Analysts on Wall Street are well known for rating far more stocks positively than negatively. They are also known for not providing an edge to those who follow their ratings. In fact, the stocks with the best average analyst ratings don’t actually outperform those with the worst. Given this, the stocks with the best and worst ratings can be a jumping point for finding stocks that may do worse than or better than expected.
Two months ago, I wrote SDividend Yield: A Simple Indicator to Add to the Dividend Investing Toolbox, a post about a dividend indicator for finding high sustainable dividends. Since then, the ten stocks in the S&P 500 with the highest SDividend yields have outperformed the S&P 500 by almost 4% and the Dow Jones Select Dividend Index by 1.5%. Given the strong performance, I thought I would revisit the indicator and update the table.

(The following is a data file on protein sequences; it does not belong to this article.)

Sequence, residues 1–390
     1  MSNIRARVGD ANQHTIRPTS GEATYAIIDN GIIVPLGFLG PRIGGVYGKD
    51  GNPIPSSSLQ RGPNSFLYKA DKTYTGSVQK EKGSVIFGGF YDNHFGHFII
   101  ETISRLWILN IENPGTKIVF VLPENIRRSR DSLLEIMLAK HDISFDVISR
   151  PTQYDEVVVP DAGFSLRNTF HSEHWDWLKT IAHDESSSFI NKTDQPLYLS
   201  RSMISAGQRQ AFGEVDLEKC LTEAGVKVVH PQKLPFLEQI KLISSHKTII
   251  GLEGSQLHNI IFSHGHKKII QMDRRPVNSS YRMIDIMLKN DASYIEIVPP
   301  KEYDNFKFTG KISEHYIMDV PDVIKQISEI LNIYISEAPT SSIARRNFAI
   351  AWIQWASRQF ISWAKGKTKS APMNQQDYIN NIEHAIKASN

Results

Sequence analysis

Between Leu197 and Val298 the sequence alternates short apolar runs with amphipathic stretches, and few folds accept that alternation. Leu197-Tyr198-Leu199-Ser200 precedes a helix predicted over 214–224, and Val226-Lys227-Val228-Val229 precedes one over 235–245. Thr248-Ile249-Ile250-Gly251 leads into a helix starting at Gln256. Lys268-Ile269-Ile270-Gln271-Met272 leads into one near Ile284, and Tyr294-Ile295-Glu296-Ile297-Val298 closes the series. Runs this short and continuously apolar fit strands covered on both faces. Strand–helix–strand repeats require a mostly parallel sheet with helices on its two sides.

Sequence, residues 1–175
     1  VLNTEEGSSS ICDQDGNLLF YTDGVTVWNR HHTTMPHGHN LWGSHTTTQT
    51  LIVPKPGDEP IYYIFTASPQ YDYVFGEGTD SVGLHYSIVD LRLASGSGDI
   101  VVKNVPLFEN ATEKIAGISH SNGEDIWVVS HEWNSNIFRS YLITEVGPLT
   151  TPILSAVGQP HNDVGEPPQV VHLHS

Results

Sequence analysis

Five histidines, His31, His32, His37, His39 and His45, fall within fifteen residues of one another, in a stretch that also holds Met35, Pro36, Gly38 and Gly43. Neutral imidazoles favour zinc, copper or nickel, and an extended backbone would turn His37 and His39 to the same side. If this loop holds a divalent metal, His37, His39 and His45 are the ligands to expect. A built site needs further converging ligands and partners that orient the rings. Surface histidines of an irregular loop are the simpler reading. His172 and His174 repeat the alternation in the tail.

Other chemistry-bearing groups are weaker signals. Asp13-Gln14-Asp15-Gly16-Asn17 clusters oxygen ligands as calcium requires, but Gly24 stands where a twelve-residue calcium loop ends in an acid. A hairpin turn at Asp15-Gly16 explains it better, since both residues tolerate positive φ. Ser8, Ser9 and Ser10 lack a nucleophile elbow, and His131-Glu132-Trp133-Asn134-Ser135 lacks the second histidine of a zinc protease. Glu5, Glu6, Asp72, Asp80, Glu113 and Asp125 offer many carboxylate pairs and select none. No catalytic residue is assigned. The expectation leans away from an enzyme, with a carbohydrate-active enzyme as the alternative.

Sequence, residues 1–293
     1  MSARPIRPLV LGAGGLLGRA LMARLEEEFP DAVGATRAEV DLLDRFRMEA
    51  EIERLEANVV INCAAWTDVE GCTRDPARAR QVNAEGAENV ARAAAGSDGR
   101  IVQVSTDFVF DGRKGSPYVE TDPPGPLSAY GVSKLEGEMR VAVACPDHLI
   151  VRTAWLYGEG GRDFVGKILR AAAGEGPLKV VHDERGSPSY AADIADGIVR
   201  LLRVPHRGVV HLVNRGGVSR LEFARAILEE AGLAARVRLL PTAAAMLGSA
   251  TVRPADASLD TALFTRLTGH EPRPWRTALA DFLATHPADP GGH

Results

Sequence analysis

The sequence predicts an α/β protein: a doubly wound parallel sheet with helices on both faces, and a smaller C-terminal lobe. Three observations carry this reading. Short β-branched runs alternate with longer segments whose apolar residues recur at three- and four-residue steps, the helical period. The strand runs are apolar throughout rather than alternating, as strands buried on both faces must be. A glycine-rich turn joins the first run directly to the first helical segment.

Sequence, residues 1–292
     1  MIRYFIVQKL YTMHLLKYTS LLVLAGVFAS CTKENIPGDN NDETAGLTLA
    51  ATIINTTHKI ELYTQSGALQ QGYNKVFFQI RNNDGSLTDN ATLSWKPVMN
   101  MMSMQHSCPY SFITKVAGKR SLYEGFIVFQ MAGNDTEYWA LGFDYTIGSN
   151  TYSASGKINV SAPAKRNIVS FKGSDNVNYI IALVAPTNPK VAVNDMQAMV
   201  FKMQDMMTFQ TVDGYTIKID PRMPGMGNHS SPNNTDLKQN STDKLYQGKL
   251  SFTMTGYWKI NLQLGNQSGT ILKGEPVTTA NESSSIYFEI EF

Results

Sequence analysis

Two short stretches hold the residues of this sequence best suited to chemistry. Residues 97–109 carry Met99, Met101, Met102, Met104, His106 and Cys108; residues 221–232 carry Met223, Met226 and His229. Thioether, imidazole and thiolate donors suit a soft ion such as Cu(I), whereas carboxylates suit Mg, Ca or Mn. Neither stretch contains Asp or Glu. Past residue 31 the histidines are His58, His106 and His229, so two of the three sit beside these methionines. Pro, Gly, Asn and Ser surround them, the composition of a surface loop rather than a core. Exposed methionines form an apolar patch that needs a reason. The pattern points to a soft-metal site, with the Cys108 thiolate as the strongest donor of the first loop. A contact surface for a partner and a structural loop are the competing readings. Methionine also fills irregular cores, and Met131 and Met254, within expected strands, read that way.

Research has indicated that stocks with high yields and low payout ratios outperform stocks with high yields alone. To take advantage of this strategy, I created the SDividend yield, an indicator that “adjusts” the dividend for the payout ratio. Combining two indicators into one not only allows me to find stocks with high payout adjusted yields, it also allows me to easily compare one stock against another.
Because of the method of calculation, the value of the SDividend yield is lower than the normal dividend yield. The median SDividend yield for dividend paying stocks in the S&P 500 is around 1.1%, while the median of the normal dividend yield is around 2%.
|Top Quartile||greater than 1.57||greater than 3.25|
|2nd Quartile||between 1.07 and 1.57||between 2.11 and 3.25|
|3rd Quartile||between 0.58 and 1.07||between 1.14 and 2.11|
|Bottom Quartile||less than 0.58||less than 1.14|